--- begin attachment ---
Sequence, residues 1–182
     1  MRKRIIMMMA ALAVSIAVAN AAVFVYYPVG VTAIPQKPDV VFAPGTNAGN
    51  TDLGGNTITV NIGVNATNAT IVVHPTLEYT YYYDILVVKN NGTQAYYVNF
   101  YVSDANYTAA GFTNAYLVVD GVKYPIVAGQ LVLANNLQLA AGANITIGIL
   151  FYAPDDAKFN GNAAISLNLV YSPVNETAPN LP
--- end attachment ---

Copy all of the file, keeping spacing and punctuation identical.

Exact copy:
Sequence, residues 1–182
     1  MRKRIIMMMA ALAVSIAVAN AAVFVYYPVG VTAIPQKPDV VFAPGTNAGN
    51  TDLGGNTITV NIGVNATNAT IVVHPTLEYT YYYDILVVKN NGTQAYYVNF
   101  YVSDANYTAA GFTNAYLVVD GVKYPIVAGQ LVLANNLQLA AGANITIGIL
   151  FYAPDDAKFN GNAAISLNLV YSPVNETAPN LP